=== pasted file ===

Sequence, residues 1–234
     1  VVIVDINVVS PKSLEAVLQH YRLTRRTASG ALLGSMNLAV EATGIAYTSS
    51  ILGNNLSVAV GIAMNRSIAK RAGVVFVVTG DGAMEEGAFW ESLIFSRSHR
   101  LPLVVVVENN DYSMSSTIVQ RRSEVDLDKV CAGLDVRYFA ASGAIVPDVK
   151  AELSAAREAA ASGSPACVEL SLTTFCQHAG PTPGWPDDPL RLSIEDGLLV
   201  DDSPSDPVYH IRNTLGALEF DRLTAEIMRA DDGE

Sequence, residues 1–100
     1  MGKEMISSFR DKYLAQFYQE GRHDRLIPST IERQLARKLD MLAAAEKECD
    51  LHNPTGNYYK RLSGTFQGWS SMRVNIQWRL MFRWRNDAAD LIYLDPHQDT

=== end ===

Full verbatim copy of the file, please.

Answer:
Sequence, residues 1–234
     1  VVIVDINVVS PKSLEAVLQH YRLTRRTASG ALLGSMNLAV EATGIAYTSS
    51  ILGNNLSVAV GIAMNRSIAK RAGVVFVVTG DGAMEEGAFW ESLIFSRSHR
   101  LPLVVVVENN DYSMSSTIVQ RRSEVDLDKV CAGLDVRYFA ASGAIVPDVK
   151  AELSAAREAA ASGSPACVEL SLTTFCQHAG PTPGWPDDPL RLSIEDGLLV
   201  DDSPSDPVYH IRNTLGALEF DRLTAEIMRA DDGE

Sequence, residues 1–100
     1  MGKEMISSFR DKYLAQFYQE GRHDRLIPST IERQLARKLD MLAAAEKECD
    51  LHNPTGNYYK RLSGTFQGWS SMRVNIQWRL MFRWRNDAAD LIYLDPHQDT